Even though construction had ceased, many residents of the area saw the intersection of the canal and river as a prime location for commercial interests and a focal point for a developing community.  By this time, Marion County had been divided into townships with Washington Township organized in 1822.  Given their location at the center of the township, both Broad Ripple and Wellington seemed poised for expansion.  Within a few short years, the area blossomed.  John Burke, who had worked on the canal, opened a saw mill in 1843.  Two years later Peter Koontz joined Burke and built a grist mill.  That same year a graded township school opened.  In 1850 the U.S. Post Office Department established the Broad Ripple post office with William Earl as its first postmaster.  Over the next thirty years the post office shifted between the two communities.  Finally, in 1884, the U.S. Post Office Department located the office in Wellington but retained the name Broad Ripple.  As a result of this action, the two rival communities merged and incorporated as Broad Ripple with some 150 residents.[5]

     In the years prior to the merger and incorporation, the two communities attracted a variety of professionals, merchants, businesses, institutions, and organizations, all of which contributed to the residential development of northern Marion County.  The area’s first physician, Dr. Harry Kerr, maintained an office from 1850 to 1880.  Washington Township constructed a grade school in 1854 near the present-day corner of Broad Ripple and Evanston Avenues in 1854.  Local farmers organized a chapter of the Grange in 1873, while the International Order of Odd Fellows opened Broad Ripple Lodge No. 548 in 1877.[6]

     Religious activities were present during the formative years of Broad Ripple and Wellington, but permanent church buildings were not evident until at least mid-century.  Local histories report that the Reverend James Haven, a Methodist, held a camp meeting in Broad Ripple in 1836 and that several canal workers tried to disrupt that first meeting.  It was clear in the ensuing years of community development, however, that there were insufficient numbers of any one faith to support a single denominational church building.  In 1851 local residents gathered subscriptions to build the Union Church in Wellington (located on the present site of a fire station at 6330 Guilford). Jacob Coil, son of Broad Ripple’s founder, donated the land for the building.  Canal supervisor and local businessman John Burke joined Coil as the church’s first trustees and Henry Coe, a Presbyterian, served as the church’s first minister.  Over the years, local Methodists, Presbyterians, and Baptists used the church facility.  Madison Hume was an early preacher for the Baptists.  The Reverend Frank Hardin served the newly established Methodist class in 1852, which became known as the Broad Ripple Methodist Episcopal Church.[8]  Washington Presbyterian Church organized in 1838, north of White River and present-day Malott Park.  Over the years, other churches representing the predominant denominations of the day established congregations elsewhere in Washington Township, though none located near Broad Ripple and Wellington.[9]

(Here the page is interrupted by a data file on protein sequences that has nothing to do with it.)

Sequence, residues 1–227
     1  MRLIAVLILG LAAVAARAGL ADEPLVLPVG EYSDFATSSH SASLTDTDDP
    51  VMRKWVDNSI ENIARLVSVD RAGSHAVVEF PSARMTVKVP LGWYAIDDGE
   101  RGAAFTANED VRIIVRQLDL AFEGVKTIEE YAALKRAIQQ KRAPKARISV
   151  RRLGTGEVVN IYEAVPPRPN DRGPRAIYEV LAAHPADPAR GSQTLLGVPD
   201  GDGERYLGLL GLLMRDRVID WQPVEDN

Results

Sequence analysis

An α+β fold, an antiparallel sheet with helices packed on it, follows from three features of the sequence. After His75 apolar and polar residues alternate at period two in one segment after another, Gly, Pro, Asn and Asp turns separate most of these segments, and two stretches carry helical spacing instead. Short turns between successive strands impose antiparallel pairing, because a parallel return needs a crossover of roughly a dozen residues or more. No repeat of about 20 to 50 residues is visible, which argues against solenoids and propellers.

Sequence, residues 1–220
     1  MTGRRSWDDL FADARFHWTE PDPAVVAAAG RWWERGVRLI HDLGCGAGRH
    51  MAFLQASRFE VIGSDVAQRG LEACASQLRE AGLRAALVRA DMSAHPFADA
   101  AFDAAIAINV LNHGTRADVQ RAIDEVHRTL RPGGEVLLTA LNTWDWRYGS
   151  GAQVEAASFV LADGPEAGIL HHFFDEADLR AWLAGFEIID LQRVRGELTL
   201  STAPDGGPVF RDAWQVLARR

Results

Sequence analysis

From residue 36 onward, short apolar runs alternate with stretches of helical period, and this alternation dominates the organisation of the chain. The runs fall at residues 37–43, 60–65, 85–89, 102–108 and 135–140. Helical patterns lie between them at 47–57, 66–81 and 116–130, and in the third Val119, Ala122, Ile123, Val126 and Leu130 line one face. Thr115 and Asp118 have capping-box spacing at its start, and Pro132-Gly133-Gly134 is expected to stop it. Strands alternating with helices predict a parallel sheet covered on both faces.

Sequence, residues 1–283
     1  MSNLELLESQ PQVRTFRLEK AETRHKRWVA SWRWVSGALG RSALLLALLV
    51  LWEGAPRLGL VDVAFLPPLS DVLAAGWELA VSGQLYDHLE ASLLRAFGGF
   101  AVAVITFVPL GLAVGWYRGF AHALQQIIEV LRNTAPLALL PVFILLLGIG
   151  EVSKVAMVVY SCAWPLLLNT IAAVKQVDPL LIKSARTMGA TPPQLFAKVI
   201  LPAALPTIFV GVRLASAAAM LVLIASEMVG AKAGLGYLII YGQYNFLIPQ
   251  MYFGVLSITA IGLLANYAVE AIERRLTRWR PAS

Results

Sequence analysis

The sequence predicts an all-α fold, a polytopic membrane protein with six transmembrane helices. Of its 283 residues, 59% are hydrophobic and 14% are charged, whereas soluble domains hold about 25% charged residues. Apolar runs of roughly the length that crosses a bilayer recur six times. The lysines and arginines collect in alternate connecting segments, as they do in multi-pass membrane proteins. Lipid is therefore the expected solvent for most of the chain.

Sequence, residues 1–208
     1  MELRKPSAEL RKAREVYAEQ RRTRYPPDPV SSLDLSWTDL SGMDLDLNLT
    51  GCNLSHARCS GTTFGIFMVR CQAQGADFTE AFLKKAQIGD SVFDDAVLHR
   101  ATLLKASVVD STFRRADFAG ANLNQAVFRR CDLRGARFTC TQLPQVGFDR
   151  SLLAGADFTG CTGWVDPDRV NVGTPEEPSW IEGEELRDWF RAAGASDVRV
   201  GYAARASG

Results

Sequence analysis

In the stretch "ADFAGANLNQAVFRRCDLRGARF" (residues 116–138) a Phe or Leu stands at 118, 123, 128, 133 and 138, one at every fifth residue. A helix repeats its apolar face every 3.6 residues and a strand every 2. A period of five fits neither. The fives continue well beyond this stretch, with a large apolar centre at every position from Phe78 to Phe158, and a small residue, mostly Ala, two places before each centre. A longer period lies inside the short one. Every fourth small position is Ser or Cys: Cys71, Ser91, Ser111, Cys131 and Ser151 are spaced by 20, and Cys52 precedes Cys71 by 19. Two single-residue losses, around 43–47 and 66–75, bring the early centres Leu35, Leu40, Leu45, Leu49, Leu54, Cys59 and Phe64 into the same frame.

While the structures of viable communities were clearly evident in both Broad Ripple and Wellington during their first decades of existence, the communities’ developers did not experience immediate success from their investments.  In 1851, after only a few years in operation, the local sawmill was abandoned and torn down.  Local historian Berry Sulgrove, writing in his 1884 history of Indianapolis, noted by that time that portions of the original village of Wellington had reverted to farmland.  Several floods over the years destroyed local businesses and made it difficult to maintain business in the area.  An 1847 flood destroyed Burke’s mill; one in 1875 destroyed the grist mill (one of the oldest standing houses) and a store.  Following the failure of its canal projects, the state in 1851 sold the Central Canal to a private company.  Over the ensuing years, the canal changed hands several times.  In 1867, however, the forerunner of the Indianapolis Water Company purchased the canal as a source of water for the rapidly growing city of Indianapolis.[10]

     Although railroads had first appeared in Indianapolis in 1847, it was not until 1883 that the Indianapolis, Delphi, and Chicago Railroad established a line extending through Broad Ripple.  With its arrival and eventual connection to Union Station in 1887, the railroad brought new business to the Broad Ripple area.  A hotel and several new stores soon opened.  In 1887 Kingan Meat Packers, an Ireland-based meat-packing firm with a plant in Indianapolis since 1862, built several ice houses along the river.  Local residents harvested the ice from White River and stored it in the large wooden structures.  During the summer months, the company transported the ice by rail to its main packing plant on the southwest edge of Indianapolis’s downtown.